Thursday, the Brazos River Authority advised that it received notice from the Federal Energy Regulatory Commission that, effective March 12, surrender of its FERC hydroelectric generation license at Possum Kingdom Lake is complete.
The process required decommissioning of the existing hydroelectric generating facility. Decommissioning involved nearly three years of construction to permanently disable the 73-year-old plant’s hydroelectric functions, and required maintaining the ability to provide for water supply releases from the dam.
The decommissioning process was initiated in December 2011 with a written application to FERC requesting authorization to permanently cease hydroelectric generation operations at the facility. To meet FERC requirements for surrender, the BRA was directed to permanently disable generation capability. This was accomplished by dismantling the project’s two penstocks (large water pipes) that conveyed water from the reservoir to the turbines located inside the powerhouse. In addition, two 6,900-volt circuits which connected the project’s generators to the electrical distribution grid were removed. In accordance with the FERC approved decommissioning process, these actions rendered the facility permanently incapable of generating or delivering power.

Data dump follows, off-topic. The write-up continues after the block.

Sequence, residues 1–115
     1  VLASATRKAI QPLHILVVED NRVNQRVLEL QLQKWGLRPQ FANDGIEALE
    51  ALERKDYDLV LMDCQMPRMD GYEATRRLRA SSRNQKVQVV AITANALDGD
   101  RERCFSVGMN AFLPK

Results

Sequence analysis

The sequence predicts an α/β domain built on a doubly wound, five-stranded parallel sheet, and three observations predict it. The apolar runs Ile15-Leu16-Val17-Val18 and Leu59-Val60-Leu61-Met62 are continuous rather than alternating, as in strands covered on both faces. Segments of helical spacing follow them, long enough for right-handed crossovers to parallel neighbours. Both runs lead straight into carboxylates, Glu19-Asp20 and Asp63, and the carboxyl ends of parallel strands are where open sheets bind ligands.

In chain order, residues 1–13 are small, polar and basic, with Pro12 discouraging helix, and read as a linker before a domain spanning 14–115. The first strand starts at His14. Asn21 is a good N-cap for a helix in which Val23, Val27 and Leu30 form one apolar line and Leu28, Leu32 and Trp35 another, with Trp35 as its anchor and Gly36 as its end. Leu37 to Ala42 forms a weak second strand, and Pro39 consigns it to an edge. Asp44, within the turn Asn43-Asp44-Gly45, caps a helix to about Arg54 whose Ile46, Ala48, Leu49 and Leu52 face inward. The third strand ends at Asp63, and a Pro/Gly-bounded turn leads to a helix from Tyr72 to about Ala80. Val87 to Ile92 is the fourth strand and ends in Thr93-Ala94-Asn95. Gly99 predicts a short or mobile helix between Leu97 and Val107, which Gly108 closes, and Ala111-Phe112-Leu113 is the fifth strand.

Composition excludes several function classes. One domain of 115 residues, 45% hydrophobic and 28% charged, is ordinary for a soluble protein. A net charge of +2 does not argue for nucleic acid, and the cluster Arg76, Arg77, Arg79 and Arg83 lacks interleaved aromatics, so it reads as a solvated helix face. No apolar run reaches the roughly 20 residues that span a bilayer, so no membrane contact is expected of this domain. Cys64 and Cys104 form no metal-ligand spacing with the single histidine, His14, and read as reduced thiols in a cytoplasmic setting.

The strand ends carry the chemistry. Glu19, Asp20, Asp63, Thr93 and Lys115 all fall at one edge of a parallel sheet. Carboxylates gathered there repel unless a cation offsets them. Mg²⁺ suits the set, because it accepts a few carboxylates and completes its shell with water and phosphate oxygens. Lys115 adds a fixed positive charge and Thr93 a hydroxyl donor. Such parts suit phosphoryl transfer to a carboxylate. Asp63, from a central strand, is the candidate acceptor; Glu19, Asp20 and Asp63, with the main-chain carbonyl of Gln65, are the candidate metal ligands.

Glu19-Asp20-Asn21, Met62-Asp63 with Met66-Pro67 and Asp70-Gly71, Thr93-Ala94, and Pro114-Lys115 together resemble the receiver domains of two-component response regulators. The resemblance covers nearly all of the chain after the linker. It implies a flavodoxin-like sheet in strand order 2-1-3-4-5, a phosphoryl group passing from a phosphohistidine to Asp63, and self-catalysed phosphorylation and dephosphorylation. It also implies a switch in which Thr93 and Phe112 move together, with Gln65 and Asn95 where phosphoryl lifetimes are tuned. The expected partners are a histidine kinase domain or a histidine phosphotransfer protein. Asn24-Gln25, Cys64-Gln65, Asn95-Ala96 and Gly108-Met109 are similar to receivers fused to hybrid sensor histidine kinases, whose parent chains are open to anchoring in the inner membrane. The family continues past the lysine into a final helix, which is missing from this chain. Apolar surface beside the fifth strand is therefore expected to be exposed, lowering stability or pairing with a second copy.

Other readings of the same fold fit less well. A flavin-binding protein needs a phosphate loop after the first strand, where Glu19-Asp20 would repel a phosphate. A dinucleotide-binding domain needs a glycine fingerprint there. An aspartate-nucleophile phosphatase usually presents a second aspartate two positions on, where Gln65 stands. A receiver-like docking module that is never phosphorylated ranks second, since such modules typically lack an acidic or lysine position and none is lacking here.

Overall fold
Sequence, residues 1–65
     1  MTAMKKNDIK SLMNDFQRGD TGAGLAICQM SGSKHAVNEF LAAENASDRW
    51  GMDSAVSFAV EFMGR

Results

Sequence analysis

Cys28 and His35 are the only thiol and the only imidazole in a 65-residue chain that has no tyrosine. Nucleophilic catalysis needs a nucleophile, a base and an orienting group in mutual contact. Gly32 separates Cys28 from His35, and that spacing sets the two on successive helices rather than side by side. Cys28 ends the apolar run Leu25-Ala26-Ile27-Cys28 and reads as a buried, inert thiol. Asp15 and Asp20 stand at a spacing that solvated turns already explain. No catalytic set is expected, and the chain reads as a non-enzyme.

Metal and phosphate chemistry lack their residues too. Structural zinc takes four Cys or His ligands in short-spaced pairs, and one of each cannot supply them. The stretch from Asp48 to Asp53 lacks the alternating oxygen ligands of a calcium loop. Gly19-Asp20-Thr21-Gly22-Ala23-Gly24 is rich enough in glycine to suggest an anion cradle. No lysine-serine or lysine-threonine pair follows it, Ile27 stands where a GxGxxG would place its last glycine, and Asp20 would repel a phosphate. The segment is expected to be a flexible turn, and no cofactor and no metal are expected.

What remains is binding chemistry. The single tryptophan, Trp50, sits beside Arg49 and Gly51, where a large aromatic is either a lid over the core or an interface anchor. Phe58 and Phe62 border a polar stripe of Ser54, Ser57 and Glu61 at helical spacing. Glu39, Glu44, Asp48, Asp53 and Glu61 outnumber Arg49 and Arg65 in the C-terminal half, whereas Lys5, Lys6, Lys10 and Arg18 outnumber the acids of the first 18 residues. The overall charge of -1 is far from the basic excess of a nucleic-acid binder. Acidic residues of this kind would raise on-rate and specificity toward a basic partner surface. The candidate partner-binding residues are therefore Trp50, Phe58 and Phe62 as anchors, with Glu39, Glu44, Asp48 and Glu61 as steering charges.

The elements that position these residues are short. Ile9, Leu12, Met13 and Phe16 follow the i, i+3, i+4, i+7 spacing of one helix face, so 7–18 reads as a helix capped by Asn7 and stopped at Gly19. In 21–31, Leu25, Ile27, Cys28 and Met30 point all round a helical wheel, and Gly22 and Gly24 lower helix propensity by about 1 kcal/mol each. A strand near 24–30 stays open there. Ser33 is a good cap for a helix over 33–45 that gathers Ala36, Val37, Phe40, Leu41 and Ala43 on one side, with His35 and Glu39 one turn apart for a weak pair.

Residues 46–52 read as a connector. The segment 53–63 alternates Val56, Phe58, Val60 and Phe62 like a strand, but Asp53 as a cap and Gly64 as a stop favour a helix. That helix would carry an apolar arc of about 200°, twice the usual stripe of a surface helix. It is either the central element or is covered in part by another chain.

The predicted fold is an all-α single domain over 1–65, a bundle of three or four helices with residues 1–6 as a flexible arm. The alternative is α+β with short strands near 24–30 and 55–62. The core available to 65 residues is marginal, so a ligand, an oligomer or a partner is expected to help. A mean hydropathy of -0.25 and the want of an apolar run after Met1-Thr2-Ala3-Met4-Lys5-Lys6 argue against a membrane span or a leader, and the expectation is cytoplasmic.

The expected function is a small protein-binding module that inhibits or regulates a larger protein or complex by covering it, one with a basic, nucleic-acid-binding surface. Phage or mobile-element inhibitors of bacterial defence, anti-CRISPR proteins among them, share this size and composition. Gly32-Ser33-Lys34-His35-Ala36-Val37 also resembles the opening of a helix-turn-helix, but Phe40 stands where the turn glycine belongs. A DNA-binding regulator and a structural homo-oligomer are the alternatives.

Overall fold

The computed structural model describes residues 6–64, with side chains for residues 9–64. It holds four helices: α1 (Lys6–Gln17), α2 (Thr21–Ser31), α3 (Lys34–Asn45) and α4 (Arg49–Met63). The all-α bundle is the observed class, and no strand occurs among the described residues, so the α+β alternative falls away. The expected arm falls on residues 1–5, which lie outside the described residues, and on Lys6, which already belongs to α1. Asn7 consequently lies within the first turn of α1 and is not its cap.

Included in the decommissioning project was installation of a controlled outlet conduit.


This conduit is an 86-inch diameter pipe that allows BRA to release water from the reservoir without the necessity of opening the dam’s floodgates in order to provide water for beneficial uses throughout the basin.
The facility, put into service in 1941, ceased power production in 2007 after evaluation by several engineering firms identified safety issues with the electric generating infrastructure. In light of the extensive upgrades necessary to restore the aging facility for future use, BRA began evaluating the feasibility of maintaining the hydroelectric capability. Ultimately, the BRA Board of Directors voted to apply for decommissioning after conducting extensive economic analysis which concluded that the required renovation, re-licensing and continued operation of the facility was no longer viable.